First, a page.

Explainer: What is single-use plastic and why does PM Modi want it banned in India?

So what is the big deal with single-use plastic products? Is it really that problematic? More importantly, is it going to affect our day-to-day life if the ban becomes a reality? Here is a quick guide

Published: 30th August 2019 12:03 PM  |   Last Updated: 30th August 2019 03:05 PM   |  A+A-

dumpyard_PTI

Rag pickers look for recyclable materials at a garbage dump site in Guwahati (File Photo | PTI)

Online Desk

Prime Minister Modi had urged people and various government bodies to initiate India's drive towards making a disposable plastic-free nation during his Independence Day speech. Six single-use plastic items are expected to face ban in the country from October 2 - the 150th birth anniversary of Mahatma Gandhi.

So what is the big deal with single-use plastic products? Is it really that problematic? More importantly, is it going to affect our day to day life if the ban becomes a reality? Here is a quick guide.

What is single-use plastic?

As the name indicates all sorts of low-quality plastic products that are not made to be reused can be categorised as single-use plastic. Also known as disposable plastic, it constitutes more than 50% of the total plastic produced in the world.

How is it produced?

These inorganic materials are made out of fossil fuels - a precious and limited natural resource. Reports say if we fail to cut down the current rate of disposable plastics, it will account for 20% of the world’s total oil consumption.

What are the single-use plastic items that we commonly use?

Name the first five plastic products you can think of at the moment and at least three them will fall under this category. Grocery bags, water bottles, coffee cups, straws, toothbrush…  Do I need to mention more?

Plastic bags, cups, plates, small bottles, straws and certain types of sachets, have been identified as the items to get the axe in India from October 2. 

Plastic packaging waste generation, 2014 (million metric tons)

Courtesy: UN Environment

Where does the problem start?

Here is the main problem. Since they are inorganic substances, they are resistant to natural decomposition even after spending hundreds of years in the ground. The problem starts in the fact that, though we have all studied this at school, seldom do we care.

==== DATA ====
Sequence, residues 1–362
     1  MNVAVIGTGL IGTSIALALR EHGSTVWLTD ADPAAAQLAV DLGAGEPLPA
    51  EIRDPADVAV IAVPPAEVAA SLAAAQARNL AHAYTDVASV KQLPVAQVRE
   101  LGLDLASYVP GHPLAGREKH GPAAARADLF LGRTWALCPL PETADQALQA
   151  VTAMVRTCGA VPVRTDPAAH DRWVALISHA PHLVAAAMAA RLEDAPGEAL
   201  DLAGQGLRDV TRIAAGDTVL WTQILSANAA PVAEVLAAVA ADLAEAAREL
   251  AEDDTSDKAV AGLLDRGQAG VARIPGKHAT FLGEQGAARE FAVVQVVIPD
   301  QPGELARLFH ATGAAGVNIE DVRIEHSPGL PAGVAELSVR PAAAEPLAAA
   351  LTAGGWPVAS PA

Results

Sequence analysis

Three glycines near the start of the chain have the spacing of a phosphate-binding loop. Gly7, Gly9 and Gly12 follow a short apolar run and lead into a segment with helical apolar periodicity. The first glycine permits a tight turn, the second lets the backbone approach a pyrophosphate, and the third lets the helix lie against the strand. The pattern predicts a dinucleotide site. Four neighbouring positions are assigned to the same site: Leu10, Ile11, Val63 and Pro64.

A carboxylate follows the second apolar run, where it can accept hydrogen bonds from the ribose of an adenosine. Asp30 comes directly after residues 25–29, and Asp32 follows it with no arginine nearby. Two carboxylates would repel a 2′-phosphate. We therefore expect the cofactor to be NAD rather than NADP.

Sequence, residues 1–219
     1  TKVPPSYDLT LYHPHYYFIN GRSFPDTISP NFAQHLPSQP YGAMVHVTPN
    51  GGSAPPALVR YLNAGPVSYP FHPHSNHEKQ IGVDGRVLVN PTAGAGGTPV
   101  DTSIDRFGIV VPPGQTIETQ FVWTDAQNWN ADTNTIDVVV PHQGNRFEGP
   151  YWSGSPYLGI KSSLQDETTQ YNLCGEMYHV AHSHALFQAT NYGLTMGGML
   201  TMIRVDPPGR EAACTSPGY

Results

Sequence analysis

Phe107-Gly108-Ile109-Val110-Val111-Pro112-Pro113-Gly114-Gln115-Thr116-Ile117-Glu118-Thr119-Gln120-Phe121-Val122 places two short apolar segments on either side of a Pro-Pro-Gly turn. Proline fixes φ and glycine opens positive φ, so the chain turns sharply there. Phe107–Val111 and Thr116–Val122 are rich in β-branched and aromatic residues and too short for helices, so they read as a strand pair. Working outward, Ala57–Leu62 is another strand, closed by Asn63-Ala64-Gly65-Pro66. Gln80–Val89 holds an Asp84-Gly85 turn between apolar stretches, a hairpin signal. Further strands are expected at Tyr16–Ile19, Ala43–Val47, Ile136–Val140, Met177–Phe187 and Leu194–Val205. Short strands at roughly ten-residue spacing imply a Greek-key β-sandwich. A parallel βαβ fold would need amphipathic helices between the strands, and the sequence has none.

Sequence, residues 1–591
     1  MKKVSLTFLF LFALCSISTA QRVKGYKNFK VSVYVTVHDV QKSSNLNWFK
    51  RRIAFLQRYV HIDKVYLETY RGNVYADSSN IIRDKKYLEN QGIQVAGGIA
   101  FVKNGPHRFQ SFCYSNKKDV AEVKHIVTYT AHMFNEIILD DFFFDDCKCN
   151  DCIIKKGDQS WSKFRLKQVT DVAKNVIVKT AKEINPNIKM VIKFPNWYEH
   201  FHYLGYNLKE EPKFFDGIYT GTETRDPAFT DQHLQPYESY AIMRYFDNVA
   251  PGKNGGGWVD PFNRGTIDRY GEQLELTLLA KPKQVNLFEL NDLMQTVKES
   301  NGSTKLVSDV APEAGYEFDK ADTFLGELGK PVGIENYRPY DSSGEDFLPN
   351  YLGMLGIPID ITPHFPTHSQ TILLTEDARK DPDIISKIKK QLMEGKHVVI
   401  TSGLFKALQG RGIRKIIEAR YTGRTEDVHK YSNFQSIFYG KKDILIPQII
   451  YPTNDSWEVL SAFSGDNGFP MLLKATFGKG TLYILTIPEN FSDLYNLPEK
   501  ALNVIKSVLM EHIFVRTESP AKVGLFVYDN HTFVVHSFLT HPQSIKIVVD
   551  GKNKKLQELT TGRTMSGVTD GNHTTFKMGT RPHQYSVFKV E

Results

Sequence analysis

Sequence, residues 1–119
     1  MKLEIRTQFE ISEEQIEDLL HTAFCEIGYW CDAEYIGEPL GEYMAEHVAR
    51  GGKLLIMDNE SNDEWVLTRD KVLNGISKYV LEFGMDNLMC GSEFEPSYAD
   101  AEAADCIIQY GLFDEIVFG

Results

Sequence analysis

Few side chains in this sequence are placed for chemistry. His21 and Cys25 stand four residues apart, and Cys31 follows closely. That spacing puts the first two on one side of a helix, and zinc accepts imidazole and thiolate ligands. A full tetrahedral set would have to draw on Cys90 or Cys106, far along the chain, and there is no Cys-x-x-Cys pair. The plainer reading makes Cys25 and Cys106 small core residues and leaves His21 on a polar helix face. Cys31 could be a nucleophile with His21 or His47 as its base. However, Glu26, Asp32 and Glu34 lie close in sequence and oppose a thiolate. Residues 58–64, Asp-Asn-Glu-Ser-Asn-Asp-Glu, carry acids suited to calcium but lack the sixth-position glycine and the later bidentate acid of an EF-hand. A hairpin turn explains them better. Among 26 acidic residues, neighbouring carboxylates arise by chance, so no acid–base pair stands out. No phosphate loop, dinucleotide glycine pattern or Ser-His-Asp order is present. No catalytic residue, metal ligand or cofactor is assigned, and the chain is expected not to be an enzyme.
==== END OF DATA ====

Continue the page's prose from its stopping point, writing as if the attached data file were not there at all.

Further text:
So how bad is the situation?

According to a report by the UN Environment, over five trillion plastic bags are consumed worldwide every year. This means if tied together, they would go around the world seven times every hour and cover an area twice the size of France.

Annual single-use plastic production

CIGARETTE BUTTS  580 billion
BOTTLES  46 billion
DRINKING STRAWS 36.4 billion
CUPS  16 billion

Sans proper disposal, these products can not only cause environmental degradation but can also be hazardous to life in other ways. For example. the unchecked piling up of plastic bags resulted in the clogging of the public drainage system in Bangladesh in the 1980s and intensified a flood situation that killed several people in 1988. 

According to the UN, high concentrations of plastic materials, particularly plastic bags, have been found blocking the breathing passages and stomachs of hundreds of different species. 

Distribution of single-use plastic production by region, 2014

Courtesy: UN Environment

Water contamination

Most of the plastic littering the earth eventually finds its way to the oceans. According to data, another 8 million tons of plastic is directly dumped into the seas every year. Once it reaches there, the life of almost all organisms attached to the ecosystem is at risk. For example, plastic bags in the ocean resemble jellyfish and are often consumed by the creature's natural predators like turtles and dolphins. 

Similarly, the plastic products that are disposed of in the form of landfills contaminate groundwater sources. This is because, when broken down into microscopic particles, it produces toxic chemicals which can cause hormonal problems and cancer in humans.

Like it or not, we are eating it too

That's right. So if dolphins and turtles are eating plastic, why would other marine animals not? Nature's food chain keep us connected to these animals, who in some stage consume these hazardous materials. If you like seafood, it is almost certain that microplastic components are already in your system.

So why do we keep making them?

Because of its

  1. Cheap cost
  2. Durability
  3. Resistance
  4. Lightweight.  Convinced?

What is the solution?

The answer is another cliched General Science lesson from our school days: Reduce, Reuse, Recycle. Only 9% of the total plastic produced globally gets recycled, while close 12% is incinerated. You can start from there.

Global plastic production by industrial sector, 2015

Courtesy: UN Environment

What is India doing to fight the issue?

Like in many other things, this issue too cannot be addressed effectively without the wholehearted participation of the US, China and the EU. However, India has started taking baby steps towards complete scrapping of single-use plastic. Here are a few updates that you don't want to miss after PM Modi's landmark Independence Day declaration:

  • Traders' body Confederation of All India Traders (CAIT) in an open letter has urged corporates and manufactures to discontinue using single-use plastic in their packaging.
     
  • Delhi Lieutenant Governor (LG), Anil Baijal has asked his administration to prepare for its scrapping in the city.  
     
  • Air India has declared that they will impose a ban on single-use plastic products like bags, cups and straws on all its flights from the same date.
  • Amul brand has said it will continue to recycled plastic for its milk packets.
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